And the Japanese gain permanent control of the islands they seized in 1914: the Marianas, Caroline, and Marshall Islands, which include such unknown islands as Palau, Peleliu, Truk, Saipan, Tinian, and Eniwetok. Only phosphate merchants and missionaries seem interested in these island outposts. They are soon replaced by Japanese naval officers and engineers, who admire Truk's vast harbor.

The Saar and the German port city of Danzig become separate entities under the League of Nations, with their own commissioners. Danzig itself stands at the end of a Polish "Corridor" driven through German Pomerania to link the new nation with the sea.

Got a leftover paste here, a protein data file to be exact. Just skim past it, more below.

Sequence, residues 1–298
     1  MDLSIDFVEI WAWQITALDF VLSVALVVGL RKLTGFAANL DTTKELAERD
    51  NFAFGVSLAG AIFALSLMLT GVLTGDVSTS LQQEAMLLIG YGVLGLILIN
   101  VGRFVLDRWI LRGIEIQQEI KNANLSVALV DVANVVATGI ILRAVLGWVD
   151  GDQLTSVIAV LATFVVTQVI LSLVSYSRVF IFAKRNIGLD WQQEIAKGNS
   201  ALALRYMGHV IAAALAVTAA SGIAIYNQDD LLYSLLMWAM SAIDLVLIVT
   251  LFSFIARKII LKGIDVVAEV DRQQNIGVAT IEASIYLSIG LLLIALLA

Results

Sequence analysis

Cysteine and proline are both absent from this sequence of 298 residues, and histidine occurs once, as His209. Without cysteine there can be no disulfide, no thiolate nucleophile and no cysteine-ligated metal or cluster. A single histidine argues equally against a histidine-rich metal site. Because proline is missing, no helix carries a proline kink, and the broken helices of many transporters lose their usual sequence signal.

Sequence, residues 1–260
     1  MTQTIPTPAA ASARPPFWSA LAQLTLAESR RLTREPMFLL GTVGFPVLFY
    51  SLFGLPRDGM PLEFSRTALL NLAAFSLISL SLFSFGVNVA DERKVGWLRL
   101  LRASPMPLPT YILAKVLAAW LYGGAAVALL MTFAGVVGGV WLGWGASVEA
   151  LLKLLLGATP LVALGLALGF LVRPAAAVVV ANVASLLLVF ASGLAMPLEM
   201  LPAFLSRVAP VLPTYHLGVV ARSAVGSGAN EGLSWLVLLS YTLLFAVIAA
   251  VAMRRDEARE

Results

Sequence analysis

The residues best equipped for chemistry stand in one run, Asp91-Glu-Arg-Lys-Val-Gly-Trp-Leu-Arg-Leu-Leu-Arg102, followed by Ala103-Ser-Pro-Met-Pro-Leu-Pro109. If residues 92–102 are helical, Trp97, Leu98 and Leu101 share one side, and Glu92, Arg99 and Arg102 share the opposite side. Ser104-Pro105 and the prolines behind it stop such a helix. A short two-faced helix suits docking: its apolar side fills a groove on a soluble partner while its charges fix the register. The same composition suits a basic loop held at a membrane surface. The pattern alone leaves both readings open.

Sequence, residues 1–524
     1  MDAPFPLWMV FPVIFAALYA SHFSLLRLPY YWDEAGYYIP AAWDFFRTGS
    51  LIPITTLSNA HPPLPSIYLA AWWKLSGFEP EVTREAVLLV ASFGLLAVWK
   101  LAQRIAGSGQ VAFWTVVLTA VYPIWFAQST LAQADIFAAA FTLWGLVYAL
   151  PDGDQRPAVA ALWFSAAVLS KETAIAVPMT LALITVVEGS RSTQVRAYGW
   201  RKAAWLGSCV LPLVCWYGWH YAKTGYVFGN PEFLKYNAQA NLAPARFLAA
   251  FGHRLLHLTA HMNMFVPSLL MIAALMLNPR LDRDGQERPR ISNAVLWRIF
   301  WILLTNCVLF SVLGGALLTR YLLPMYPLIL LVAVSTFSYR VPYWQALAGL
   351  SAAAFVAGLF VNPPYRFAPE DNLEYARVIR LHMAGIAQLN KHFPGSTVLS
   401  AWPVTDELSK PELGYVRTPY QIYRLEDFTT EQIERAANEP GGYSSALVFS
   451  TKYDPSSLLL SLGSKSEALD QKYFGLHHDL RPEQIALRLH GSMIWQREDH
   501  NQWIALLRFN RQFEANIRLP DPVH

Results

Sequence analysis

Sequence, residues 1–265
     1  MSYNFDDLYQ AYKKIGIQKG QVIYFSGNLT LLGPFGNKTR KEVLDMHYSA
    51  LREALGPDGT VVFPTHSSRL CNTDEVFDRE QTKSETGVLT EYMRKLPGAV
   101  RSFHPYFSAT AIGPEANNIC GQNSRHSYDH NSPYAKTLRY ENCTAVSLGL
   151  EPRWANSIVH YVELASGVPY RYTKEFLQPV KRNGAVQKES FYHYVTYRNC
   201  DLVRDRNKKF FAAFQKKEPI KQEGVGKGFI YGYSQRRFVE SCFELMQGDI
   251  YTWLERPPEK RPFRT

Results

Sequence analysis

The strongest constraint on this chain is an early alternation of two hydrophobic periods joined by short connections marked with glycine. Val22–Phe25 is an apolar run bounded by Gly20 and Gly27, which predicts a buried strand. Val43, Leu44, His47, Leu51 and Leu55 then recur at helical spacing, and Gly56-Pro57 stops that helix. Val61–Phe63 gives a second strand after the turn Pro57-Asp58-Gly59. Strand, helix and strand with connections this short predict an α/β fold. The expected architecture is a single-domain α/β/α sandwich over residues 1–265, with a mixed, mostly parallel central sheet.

The map of Europe is also re-drawn with astonishing alacrity. The collapse of the Austro-Hungarian Empire gains validity with the division of its two central nations. With the throne of Hungary up for grabs, one of the last admirals of the Austro-Hungarian Imperial Navy, the equally imperious and anti-Communist Niklos Horthy, is appointed Lieutenant of the Realm (similar to Regent), replacing the failed Bela Kun regime. Horthy soon takes full power for himself, suppressing all opposition, wearing his braided admiral's uniform at any occasion. The result is that Hungary becomes a kingdom without a king, ruled by an admiral without a navy or a seacoast.